Dutch police have mounted guard over South Moluccan communities around the sites of the twin sieges in which gunmen have been holding hostage 55 passengers in a hijacked train, and four teachers in a nearby school.
Dutch police have mounted guard over South Moluccan communities around the sites of the twin sieges in which gunmen have been holding hostage 55 passengers in a hijacked train, and four teachers in a nearby school. The gunmen, South Moluccans who are demanding Dutch intervention in their search for independence from Indonesia, have aroused nation-wide anger among the Dutch people -- and some of this anger is being turned on the South Moluccan communities in the country.
SYNOPSIS: There are some 40,000 South Moluccans living in Holland, large numbers of them in tight communities where they've maintained a distinct separate identity despite being resident in the country for up to 27 years -- when Holland granted independence to Indonesia. Police have sealed off two such communities near the site of the sieges at Assan and Bovensmilde in northern Holland -- partly to keep a check on their movements in case any of them are connected with the gunmen, and partly to protect them from any possible violence by Dutchmen seeking revenge. The South Moluccans are staying close to home, and have organised their own vigilante groups in case police protection is not enough. Many of them openly admit they're frightened, and some claim they've been the targets of intimidation.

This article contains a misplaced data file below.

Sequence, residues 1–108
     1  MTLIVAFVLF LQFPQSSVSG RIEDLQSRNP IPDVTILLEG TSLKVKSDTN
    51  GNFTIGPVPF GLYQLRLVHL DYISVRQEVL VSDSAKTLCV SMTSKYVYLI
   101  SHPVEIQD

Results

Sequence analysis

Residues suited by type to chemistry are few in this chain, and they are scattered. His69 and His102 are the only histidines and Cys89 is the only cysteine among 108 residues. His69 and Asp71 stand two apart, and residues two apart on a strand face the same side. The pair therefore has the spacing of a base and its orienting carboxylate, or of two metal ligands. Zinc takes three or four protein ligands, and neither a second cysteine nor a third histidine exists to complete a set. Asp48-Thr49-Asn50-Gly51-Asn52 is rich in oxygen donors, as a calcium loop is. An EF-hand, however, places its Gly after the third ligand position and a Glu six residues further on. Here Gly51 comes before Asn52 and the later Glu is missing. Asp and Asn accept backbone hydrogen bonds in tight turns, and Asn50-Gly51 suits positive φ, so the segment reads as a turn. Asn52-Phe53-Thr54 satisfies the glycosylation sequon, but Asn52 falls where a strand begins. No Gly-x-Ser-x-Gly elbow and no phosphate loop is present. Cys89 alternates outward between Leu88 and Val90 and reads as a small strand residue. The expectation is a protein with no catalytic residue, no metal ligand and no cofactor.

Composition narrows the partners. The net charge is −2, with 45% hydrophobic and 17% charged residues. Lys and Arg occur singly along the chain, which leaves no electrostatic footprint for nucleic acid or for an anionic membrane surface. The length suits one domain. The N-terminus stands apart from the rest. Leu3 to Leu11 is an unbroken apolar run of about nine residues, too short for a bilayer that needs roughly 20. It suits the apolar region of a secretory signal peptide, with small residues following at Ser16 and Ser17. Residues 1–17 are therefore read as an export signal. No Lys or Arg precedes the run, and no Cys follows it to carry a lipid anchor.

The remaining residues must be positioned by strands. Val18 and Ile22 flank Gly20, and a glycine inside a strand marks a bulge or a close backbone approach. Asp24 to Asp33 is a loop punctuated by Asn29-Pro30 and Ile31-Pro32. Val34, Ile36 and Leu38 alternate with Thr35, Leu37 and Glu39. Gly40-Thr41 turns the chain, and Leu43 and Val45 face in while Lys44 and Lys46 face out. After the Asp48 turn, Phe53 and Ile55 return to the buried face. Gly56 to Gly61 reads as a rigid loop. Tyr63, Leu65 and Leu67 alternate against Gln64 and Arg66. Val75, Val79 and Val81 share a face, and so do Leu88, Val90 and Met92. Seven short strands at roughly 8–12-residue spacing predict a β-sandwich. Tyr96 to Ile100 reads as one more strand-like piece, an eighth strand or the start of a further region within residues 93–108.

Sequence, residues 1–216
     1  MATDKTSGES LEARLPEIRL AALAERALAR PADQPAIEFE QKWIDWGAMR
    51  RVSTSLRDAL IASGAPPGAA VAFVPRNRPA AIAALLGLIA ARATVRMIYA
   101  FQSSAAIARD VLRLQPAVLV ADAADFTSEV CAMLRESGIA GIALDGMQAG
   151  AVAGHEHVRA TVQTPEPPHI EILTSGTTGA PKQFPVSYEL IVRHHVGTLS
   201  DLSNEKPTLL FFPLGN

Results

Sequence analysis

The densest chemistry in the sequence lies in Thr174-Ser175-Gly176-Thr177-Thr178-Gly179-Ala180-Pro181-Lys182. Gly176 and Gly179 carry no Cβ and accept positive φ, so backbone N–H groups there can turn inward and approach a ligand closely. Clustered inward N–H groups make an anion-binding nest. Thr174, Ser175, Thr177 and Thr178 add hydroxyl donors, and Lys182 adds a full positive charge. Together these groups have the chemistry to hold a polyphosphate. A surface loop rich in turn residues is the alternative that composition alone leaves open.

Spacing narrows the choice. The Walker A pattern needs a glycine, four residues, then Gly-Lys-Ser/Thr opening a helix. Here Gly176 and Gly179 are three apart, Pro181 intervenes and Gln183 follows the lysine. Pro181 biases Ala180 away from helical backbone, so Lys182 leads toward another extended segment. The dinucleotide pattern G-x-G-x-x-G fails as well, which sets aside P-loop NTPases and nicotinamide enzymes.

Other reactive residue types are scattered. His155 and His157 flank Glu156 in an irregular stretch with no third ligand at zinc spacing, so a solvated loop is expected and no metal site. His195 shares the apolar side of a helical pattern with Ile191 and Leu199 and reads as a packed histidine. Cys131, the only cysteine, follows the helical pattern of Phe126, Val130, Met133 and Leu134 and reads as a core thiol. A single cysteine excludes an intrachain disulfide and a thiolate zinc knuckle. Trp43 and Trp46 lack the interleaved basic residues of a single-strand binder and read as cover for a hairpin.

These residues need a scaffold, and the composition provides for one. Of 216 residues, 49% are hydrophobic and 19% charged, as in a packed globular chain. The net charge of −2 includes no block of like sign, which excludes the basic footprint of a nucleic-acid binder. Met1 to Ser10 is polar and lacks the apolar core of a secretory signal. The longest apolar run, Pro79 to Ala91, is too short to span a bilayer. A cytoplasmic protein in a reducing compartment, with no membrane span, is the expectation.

Children in South Moluccan communities are not well integrated into Dutch society -- they're kept largely apart, and are brought up in the belief that they may one day go back to a homeland which was never a separate nation anyway. But despite that, the South Moluccans in Holland have never lost hope.
The Dutch themselves, generally known for their racial tolerance both at home and in their colonial past, are becoming increasingly bitter at South Moluccan activities.